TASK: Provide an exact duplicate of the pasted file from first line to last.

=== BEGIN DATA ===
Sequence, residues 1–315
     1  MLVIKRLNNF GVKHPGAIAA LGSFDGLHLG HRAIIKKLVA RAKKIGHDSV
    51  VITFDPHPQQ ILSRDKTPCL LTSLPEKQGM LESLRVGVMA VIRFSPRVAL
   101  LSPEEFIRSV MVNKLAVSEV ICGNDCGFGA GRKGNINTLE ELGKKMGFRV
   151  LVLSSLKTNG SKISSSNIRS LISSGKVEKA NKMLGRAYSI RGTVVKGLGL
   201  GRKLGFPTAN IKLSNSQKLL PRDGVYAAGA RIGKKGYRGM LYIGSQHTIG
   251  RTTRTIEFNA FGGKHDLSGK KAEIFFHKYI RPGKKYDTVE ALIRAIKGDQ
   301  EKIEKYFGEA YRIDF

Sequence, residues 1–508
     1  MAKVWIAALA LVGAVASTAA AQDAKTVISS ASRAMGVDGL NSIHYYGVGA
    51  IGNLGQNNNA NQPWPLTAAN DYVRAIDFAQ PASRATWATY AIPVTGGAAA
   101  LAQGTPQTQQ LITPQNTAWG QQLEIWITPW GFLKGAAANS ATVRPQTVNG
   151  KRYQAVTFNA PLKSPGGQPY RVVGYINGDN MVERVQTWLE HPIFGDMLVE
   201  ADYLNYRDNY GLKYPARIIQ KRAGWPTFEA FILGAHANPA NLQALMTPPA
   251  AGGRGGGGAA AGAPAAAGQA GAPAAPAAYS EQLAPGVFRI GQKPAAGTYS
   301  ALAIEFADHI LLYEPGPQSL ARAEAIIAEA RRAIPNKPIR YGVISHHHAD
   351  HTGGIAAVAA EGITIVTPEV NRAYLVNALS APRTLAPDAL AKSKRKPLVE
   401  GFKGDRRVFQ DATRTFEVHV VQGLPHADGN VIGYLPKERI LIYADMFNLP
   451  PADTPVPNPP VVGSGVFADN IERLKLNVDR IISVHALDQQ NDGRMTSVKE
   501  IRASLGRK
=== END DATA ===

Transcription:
Sequence, residues 1–315
     1  MLVIKRLNNF GVKHPGAIAA LGSFDGLHLG HRAIIKKLVA RAKKIGHDSV
    51  VITFDPHPQQ ILSRDKTPCL LTSLPEKQGM LESLRVGVMA VIRFSPRVAL
   101  LSPEEFIRSV MVNKLAVSEV ICGNDCGFGA GRKGNINTLE ELGKKMGFRV
   151  LVLSSLKTNG SKISSSNIRS LISSGKVEKA NKMLGRAYSI RGTVVKGLGL
   201  GRKLGFPTAN IKLSNSQKLL PRDGVYAAGA RIGKKGYRGM LYIGSQHTIG
   251  RTTRTIEFNA FGGKHDLSGK KAEIFFHKYI RPGKKYDTVE ALIRAIKGDQ
   301  EKIEKYFGEA YRIDF

Sequence, residues 1–508
     1  MAKVWIAALA LVGAVASTAA AQDAKTVISS ASRAMGVDGL NSIHYYGVGA
    51  IGNLGQNNNA NQPWPLTAAN DYVRAIDFAQ PASRATWATY AIPVTGGAAA
   101  LAQGTPQTQQ LITPQNTAWG QQLEIWITPW GFLKGAAANS ATVRPQTVNG
   151  KRYQAVTFNA PLKSPGGQPY RVVGYINGDN MVERVQTWLE HPIFGDMLVE
   201  ADYLNYRDNY GLKYPARIIQ KRAGWPTFEA FILGAHANPA NLQALMTPPA
   251  AGGRGGGGAA AGAPAAAGQA GAPAAPAAYS EQLAPGVFRI GQKPAAGTYS
   301  ALAIEFADHI LLYEPGPQSL ARAEAIIAEA RRAIPNKPIR YGVISHHHAD
   351  HTGGIAAVAA EGITIVTPEV NRAYLVNALS APRTLAPDAL AKSKRKPLVE
   401  GFKGDRRVFQ DATRTFEVHV VQGLPHADGN VIGYLPKERI LIYADMFNLP
   451  PADTPVPNPP VVGSGVFADN IERLKLNVDR IISVHALDQQ NDGRMTSVKE
   501  IRASLGRK